Catherine Deneuve: French finesse

The leading lady of French cinema for decades now, Catherine Deneuve has also been a model and one of the most enduring style icons. A style icon who says she “doesn’t dress for style”, but rather “to be dressed”. Isn’t this attitude one of the secrets of French women, the free spirit which inevitably leads to that enviable effortless chic look? I would say it is. Never wearing much makeup, lining her eyes and keeping everything else light and au naturel, Deneuve was and is a quintessential French beauty.

Even though she considers muse too strong a word to describe her relationship with Yves Saint Laurent, the two had a very special and long friendship. He dressed her in five films: Belle de Jour (oh, I remember the precise cuts, the minimalist, elegant lines and clean finishes of the outfits she wears, reflecting the style of Laurent’s Rive Gauche ready-to-wear line launched in 1966), La Chamade, La Sirène du Mississippi, Liza and The Hunger, as well as for premiers and daily life. In 1992 she became a model for his skincare line.

With the on-screen reputation of an ice queen after Polanski’s Repulsion (1965) and Buñuel’s Belle de Jour (1967), nominated for the Academy Awards for Indochine (1992) and having won numerous others, her filmography has been cited as inspiration by many designers. Nominated by Look magazine as the most beautiful woman in the world in the ’60s, the face of Chanel Nº5 in the late ’70s, the image of France’s national symbol, Marianne, in the ’80s, shoe designer for Repetto, having launched her own eponymous perfume and having collaborated with Louis Vuitton for their Core Value ad campaigns, Catherine Deneuve continues to be a star and woman of style.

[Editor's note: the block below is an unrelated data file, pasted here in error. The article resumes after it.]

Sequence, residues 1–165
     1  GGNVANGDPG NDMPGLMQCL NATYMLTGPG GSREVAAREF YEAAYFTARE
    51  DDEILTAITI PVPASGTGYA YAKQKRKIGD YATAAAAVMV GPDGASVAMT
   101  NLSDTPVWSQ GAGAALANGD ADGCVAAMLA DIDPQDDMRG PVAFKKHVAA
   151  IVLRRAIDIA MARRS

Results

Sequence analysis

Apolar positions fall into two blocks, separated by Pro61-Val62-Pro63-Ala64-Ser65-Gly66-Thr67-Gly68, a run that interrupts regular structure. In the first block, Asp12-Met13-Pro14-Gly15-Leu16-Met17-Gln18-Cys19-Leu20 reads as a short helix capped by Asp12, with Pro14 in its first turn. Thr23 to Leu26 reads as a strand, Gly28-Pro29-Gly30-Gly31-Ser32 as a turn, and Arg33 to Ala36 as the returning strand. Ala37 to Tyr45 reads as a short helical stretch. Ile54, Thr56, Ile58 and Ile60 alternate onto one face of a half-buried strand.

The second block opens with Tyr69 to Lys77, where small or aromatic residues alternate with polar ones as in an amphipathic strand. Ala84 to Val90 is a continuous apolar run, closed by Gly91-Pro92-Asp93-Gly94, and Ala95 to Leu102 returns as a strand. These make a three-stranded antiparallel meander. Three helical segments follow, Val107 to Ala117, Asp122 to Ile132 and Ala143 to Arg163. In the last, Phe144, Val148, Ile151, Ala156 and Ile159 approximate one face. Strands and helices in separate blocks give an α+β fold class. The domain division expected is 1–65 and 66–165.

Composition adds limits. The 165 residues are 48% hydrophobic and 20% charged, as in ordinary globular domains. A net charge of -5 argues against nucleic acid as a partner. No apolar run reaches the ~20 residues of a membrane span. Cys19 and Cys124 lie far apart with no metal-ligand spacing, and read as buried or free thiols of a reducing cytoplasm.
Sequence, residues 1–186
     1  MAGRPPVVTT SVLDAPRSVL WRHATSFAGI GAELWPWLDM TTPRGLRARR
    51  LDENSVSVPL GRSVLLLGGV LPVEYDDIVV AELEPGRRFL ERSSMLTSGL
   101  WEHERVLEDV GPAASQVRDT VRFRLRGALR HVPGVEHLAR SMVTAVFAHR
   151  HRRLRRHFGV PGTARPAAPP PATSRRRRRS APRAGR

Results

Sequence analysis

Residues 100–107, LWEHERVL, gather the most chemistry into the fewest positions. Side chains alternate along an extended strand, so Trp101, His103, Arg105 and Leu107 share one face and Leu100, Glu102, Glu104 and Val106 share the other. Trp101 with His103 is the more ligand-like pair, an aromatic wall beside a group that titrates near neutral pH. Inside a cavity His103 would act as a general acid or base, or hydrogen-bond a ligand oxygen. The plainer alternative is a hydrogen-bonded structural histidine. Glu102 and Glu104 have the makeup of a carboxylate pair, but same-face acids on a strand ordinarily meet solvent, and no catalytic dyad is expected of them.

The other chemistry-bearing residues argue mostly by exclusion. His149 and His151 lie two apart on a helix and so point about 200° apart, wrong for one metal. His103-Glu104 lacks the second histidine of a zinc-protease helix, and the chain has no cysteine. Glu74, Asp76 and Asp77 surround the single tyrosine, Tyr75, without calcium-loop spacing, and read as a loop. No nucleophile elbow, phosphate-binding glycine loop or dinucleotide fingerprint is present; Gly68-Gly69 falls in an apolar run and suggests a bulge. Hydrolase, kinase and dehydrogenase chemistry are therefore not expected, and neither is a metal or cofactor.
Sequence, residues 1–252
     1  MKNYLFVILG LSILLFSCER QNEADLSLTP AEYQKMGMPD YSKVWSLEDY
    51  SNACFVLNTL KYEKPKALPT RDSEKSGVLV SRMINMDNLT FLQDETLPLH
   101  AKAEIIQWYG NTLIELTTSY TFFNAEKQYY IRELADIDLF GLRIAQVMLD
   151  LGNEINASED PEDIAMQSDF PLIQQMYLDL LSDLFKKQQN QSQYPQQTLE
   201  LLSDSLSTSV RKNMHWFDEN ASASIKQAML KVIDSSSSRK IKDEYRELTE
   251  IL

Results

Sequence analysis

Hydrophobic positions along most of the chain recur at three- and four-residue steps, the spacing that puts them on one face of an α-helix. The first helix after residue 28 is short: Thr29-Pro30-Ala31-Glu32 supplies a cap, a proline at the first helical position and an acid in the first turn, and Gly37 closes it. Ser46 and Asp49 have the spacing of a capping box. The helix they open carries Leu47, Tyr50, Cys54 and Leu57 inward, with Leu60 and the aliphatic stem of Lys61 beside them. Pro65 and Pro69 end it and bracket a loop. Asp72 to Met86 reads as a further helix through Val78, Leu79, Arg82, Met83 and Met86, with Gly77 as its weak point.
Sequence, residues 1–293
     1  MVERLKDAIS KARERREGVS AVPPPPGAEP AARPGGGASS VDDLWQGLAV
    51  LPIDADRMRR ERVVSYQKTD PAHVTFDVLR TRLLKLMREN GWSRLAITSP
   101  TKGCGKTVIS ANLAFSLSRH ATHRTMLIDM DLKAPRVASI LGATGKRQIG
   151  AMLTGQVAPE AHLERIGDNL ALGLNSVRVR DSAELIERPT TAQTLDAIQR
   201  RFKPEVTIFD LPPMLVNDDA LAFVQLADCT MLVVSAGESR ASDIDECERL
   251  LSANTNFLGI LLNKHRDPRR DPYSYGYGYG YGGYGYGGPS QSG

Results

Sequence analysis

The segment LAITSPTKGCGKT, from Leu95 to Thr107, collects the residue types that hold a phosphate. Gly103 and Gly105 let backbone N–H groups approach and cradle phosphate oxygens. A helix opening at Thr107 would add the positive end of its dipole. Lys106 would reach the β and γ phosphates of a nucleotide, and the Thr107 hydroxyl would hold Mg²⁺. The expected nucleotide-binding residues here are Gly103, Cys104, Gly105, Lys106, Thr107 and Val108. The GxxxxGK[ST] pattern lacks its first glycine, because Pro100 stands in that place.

photos: here , here and here (6-Catherine Deneuve and Yves Saint Laurent for Vogue Paris March 1976 / 7-Catherine Deneuve in Chanel advertisment)

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